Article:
Smoking in the Workplace
The Smoke-Free Ontario Act
Workplaces have a legal responsibility to comply with the Smoke-Free Ontario Act (SFOA), a provincial strategy to protect non-smokers from exposure to second-hand smoke, help smokers quit, and to encourage young people to never start. Enacted on May 31, 2006, the Smoke-Free Ontario Act bans smoking in all enclosed public places and workplaces at all times, even when people are not working.
The Smoke-Free Ontario Act defines an enclosed workplace as the inside of a building, structure or vehicle that an employee works in or frequents during the course of their employment and includes common areas such as washrooms, lobbies and parking garages. Examples of an enclosed workplace include the inside of a trailer office on a construction site, the inside of a loading dock, or the inside of a delivery truck. The ban on smoking in an enclosed workplace is in effect at all times, even during off-hours when people are not working. An employer who provides an outdoor shelter for smoking must ensure it consists of no more than two walls and a roof.
For additional information about the Smoke-Free Ontario Act, go to Smoke-Free Ontario. If you have questions about or complaints about compliance with the Smoke-Free Ontario Act, please call Region of Waterloo Public Health at 519-575-4400.
In 2006, The Conference Board of Canada (CBC) updated their report to Health Canada detailing the costs of employing workers who smoke. Tobacco use causes poor health, and poor employee health results in increased absenteeism, higher health insurance claims, and a higher number of workplace injuries.i A comprehensive and integrated workplace wellness strategy that includes support for smoking cessation can help improve worker health and reduce tobacco-use related costs.ii
The Conference Board of Canada (2006) estimated that for every employee who smokes it costs the employer an extra $3,396 each year through increased absenteeism, decreased productivity and higher smoking facilities costs.
| Cost Factor|| Cost in 2006 (Cdn $)|
| Increased Absenteeism|| 323|
| Decreased Productivity|| 3,053|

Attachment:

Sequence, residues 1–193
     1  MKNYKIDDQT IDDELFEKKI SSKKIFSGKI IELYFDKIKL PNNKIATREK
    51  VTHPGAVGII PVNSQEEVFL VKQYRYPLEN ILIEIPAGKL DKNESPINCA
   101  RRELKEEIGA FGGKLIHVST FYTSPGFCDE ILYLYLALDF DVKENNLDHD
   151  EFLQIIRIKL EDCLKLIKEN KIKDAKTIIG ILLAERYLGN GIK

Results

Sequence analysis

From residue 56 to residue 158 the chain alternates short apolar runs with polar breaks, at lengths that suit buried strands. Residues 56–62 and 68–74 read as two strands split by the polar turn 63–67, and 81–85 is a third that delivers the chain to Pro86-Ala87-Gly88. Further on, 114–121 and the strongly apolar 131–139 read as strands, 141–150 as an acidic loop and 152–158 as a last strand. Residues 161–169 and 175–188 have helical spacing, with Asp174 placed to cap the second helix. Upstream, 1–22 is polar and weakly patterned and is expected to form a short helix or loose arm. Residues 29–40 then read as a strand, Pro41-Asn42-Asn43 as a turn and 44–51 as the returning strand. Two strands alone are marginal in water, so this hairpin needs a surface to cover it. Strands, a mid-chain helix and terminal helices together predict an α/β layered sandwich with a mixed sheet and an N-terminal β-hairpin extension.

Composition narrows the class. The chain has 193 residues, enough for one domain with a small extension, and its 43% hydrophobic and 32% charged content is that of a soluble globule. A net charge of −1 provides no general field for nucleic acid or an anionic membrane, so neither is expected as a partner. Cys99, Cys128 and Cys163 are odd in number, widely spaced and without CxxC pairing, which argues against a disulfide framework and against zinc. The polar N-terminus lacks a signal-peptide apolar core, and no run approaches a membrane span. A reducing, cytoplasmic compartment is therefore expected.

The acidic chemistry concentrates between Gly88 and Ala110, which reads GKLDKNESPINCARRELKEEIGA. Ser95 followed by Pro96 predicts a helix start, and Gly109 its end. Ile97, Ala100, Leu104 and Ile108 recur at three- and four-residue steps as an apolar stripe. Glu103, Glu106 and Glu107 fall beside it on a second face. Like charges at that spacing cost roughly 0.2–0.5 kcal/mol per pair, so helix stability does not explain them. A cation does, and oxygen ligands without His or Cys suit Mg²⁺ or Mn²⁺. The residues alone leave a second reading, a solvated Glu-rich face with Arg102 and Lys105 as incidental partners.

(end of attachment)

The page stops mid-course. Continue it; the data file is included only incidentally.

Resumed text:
| Increased life insurance costs|| Not Available|
| Smoking facilities costs|| 20|
For more information on the costs related to employing workers who smoke, please see the Background section of the Tobacco Free Living: What Works at Work! Project Health Toolkit.
Supporting Tobacco-Free Living in the Workplace
In today's economy, many workplaces are identifying the benefits of promoting wellness in the workplace. Helping employees be tobacco free is one of the best things employers can do to improve worker health and it can improve the company's bottom line.
The workplace is an ideal setting to encourage tobacco-free living and can provide a supportive social environment that is helpful for quitting. Workplaces with restrictive smoking policies encourage smokers to cut down or quit and help those who are already smoke free to remain so. iii
Seven reasons Employers Should Promote Tobacco-Free Living: iv
- Improved employee health - employees who don't smoke take fewer sick days, go on disability less often, and are less likely to retire early because of poor health
- Increased productivity - employees may take fewer unscheduled smoking breaks which could impact productivity
- Reduced costs -reduce costs of absenteeism and potential loss of skills, knowledge, and corporate memory due to premature death and early retirement of smoking employees; reduce facilities costs (maintenance and clean up costs associated with littering of and damage caused by discarded cigarettes)
- Enhanced job satisfaction - most people who smoke want to quit and many smokers would welcome smoking cessation programs offered by their employers; the majority of smokers and non-smokers prefer to work in a smoke-free environment; employees have been shown to be more productive, have increased morale, and an increased sense of loyalty in smoke-free environments